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Artistic view of a Male Pteronarcys californica (Pteronarcyidae) (Giant Salmonfly) Stonefly Adult from the Gallatin River in Montana
Salmonflies
Pteronarcys californica

The giant Salmonflies of the Western mountains are legendary for their proclivity to elicit consistent dry-fly action and ferocious strikes.

27" brown trout, my largest ever. It was the sub-dominant fish in its pool. After this, I hooked the bigger one, but I couldn't land it.
Troutnut is a project started in 2003 by salmonid ecologist Jason "Troutnut" Neuswanger to help anglers and fly tyers unabashedly embrace the entomological side of the sport. Learn more about Troutnut or support the project for an enhanced experience here.

Brown and Green Caddisflies

This common name refers to only one genus. Click its scientific name to learn more.

Caddisfly Genus Rhyacophila

These are very rarely called Brown and Green Caddisflies.
The large free-living larvae of the Rhyacophila genus are among the best-known caddisflies, and for good reason, because their unique biology is both interesting to entomologists and compatible with trout fishing. There are over 100 species, and many of them can be important.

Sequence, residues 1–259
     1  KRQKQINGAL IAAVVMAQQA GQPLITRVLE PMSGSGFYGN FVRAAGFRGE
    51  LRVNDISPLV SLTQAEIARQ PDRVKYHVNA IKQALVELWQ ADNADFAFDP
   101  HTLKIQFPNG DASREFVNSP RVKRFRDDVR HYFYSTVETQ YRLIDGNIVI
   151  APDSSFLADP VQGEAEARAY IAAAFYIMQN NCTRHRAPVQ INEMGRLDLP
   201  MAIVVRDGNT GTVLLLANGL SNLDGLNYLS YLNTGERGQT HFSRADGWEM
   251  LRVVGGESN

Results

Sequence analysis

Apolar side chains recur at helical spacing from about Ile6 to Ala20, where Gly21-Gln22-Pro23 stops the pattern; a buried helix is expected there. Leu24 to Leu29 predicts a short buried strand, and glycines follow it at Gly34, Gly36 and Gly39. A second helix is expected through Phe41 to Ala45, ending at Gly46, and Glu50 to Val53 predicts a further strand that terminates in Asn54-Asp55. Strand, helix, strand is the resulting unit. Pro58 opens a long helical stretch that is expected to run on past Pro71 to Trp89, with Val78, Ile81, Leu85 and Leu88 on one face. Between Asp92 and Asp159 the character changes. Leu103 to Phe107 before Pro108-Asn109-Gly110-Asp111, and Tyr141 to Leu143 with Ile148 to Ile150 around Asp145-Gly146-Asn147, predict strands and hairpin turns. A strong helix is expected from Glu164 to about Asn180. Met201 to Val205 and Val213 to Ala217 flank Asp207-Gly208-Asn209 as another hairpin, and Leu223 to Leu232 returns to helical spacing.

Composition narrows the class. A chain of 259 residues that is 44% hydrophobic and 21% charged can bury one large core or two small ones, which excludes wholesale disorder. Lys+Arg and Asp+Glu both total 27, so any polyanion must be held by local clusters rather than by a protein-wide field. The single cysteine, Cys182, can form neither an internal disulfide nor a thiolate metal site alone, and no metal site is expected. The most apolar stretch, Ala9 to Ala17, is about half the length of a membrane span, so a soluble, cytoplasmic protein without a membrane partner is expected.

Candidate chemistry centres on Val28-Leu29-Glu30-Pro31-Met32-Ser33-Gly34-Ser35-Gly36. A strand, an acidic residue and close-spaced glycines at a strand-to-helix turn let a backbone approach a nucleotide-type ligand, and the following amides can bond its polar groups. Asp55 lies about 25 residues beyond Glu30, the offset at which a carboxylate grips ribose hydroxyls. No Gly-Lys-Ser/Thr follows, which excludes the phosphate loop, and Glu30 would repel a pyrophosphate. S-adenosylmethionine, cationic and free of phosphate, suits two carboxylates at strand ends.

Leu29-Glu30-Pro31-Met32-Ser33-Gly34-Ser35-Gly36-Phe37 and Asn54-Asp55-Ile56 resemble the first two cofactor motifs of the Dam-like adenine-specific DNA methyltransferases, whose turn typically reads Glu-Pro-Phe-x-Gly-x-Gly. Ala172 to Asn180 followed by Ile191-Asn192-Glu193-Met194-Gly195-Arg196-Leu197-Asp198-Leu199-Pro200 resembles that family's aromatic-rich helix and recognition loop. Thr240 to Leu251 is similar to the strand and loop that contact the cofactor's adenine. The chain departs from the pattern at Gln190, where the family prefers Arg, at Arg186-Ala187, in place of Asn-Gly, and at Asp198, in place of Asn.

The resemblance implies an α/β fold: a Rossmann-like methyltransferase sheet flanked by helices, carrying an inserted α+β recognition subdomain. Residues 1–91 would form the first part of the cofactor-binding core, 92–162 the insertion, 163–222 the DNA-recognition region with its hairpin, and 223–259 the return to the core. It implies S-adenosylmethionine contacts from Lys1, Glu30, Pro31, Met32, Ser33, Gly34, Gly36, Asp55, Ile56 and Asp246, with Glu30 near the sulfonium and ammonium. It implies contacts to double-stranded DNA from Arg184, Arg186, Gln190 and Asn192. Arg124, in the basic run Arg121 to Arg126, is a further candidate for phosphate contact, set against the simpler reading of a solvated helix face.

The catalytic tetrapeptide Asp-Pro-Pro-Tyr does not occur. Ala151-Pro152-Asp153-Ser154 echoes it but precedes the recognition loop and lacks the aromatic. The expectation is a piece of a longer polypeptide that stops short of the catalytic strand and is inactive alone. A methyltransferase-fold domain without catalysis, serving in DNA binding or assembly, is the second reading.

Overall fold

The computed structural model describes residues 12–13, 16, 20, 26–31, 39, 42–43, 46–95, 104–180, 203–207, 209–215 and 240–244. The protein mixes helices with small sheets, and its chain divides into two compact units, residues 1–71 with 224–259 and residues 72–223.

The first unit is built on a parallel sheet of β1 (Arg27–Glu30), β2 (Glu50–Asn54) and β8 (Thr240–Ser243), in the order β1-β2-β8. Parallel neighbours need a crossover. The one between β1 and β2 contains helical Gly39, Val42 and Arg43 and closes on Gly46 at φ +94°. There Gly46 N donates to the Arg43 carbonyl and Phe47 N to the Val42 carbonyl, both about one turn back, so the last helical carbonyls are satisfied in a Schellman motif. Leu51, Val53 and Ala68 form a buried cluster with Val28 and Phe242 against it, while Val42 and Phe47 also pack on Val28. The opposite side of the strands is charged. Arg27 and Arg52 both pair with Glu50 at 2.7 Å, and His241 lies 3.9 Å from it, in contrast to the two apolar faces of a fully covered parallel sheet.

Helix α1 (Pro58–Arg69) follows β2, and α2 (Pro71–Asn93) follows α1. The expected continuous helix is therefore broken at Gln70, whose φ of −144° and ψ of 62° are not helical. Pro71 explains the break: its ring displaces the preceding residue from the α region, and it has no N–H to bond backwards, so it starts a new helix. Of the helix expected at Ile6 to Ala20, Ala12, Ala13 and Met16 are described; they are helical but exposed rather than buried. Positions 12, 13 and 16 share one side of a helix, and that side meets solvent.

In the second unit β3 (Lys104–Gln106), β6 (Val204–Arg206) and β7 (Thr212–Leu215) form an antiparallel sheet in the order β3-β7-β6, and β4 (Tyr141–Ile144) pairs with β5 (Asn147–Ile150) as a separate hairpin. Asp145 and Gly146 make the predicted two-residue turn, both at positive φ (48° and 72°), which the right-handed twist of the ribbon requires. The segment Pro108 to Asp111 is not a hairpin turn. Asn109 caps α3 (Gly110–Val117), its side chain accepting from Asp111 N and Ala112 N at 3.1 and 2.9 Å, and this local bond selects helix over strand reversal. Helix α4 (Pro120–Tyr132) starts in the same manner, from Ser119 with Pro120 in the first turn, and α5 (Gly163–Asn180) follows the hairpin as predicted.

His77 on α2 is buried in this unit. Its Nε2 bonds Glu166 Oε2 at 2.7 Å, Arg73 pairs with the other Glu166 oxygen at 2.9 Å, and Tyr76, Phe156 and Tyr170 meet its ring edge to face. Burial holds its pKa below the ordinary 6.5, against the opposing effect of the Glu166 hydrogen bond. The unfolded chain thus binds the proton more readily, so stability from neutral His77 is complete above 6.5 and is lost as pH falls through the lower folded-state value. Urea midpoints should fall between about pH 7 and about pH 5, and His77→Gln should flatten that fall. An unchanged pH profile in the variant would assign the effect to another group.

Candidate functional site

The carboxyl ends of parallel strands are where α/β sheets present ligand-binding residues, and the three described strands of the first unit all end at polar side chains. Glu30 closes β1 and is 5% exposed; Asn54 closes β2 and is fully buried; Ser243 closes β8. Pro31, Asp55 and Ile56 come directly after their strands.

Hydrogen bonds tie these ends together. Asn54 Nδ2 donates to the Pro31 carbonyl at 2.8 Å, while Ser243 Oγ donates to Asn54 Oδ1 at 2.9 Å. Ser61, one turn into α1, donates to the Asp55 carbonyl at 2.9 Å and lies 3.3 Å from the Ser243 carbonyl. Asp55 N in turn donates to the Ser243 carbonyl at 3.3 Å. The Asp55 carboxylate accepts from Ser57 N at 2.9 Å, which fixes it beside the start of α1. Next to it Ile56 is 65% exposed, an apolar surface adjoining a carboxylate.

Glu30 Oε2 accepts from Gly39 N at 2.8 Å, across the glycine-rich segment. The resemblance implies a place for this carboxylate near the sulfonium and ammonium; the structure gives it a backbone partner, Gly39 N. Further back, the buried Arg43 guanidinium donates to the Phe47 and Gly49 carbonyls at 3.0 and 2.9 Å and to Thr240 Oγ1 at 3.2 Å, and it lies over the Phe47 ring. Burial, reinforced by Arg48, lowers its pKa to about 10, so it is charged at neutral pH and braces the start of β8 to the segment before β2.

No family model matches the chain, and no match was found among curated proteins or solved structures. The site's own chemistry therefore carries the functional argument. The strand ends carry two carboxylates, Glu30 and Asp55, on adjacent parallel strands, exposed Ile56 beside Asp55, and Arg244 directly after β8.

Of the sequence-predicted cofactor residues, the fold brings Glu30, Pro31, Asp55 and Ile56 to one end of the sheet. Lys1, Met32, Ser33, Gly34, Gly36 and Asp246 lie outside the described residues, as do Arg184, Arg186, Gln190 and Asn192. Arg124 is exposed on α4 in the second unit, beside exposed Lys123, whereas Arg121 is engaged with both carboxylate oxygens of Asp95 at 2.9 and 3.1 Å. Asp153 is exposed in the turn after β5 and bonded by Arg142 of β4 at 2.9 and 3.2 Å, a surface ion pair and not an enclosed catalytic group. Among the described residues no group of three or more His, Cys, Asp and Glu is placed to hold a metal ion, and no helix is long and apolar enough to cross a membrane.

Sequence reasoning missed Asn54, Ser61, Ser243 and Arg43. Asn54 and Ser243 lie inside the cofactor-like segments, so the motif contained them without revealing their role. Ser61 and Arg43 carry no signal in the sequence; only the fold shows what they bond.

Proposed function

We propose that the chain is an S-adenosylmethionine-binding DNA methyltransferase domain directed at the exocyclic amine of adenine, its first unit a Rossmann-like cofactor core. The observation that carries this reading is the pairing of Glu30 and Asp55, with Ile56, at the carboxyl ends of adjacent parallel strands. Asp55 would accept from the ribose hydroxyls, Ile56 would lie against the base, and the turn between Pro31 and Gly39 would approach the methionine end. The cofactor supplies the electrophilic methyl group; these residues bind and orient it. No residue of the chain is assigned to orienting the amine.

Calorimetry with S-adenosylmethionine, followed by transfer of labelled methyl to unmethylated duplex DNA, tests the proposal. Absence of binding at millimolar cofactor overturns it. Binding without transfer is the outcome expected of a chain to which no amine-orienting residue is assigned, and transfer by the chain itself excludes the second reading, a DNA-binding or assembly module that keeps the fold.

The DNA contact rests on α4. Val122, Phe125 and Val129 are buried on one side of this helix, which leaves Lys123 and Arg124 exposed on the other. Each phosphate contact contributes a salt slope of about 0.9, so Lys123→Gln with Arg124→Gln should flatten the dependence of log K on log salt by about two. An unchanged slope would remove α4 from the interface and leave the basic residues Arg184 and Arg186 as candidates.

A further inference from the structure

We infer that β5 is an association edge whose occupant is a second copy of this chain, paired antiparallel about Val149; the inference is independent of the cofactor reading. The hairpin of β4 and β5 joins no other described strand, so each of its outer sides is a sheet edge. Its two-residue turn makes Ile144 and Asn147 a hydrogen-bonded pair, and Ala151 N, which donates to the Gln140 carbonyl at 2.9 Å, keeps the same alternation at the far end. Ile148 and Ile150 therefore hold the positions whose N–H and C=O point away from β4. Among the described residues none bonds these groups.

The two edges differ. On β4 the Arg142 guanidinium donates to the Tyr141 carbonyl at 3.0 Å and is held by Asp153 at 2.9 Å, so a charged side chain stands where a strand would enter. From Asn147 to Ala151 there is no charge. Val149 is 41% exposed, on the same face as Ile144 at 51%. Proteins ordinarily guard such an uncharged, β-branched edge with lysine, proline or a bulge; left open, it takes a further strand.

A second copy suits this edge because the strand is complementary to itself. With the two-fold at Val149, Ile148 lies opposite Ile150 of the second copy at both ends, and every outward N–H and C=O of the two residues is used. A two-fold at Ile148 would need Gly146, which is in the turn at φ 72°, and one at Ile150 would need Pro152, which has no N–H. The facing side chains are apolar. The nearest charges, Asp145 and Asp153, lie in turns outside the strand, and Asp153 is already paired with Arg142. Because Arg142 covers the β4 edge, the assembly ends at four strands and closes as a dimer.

Lateral view of a Rhyacophila (Rhyacophilidae) (Green Sedge) Caddisfly Adult from Mystery Creek #199 in Washington
Dorsal view of a Rhyacophila fuscula (Rhyacophilidae) (Green Sedge) Caddisfly Larva from Mystery Creek #62 in New York
Rhyacophila (Rhyacophilidae) (Green Sedge) Caddisfly Pupa from the Long Lake Branch of the White River in Wisconsin
I collected this pupa and several like it from the same stream and on the same day as this larva. I suspect they're the same species. Every pupa I collected was in a brown casing like the one shown in one of the pictures below. I cut this pupa out of its case after a picture so you can see more details. It is close to but not fully developed.

Brown and Green Caddisflies

Scientific Name
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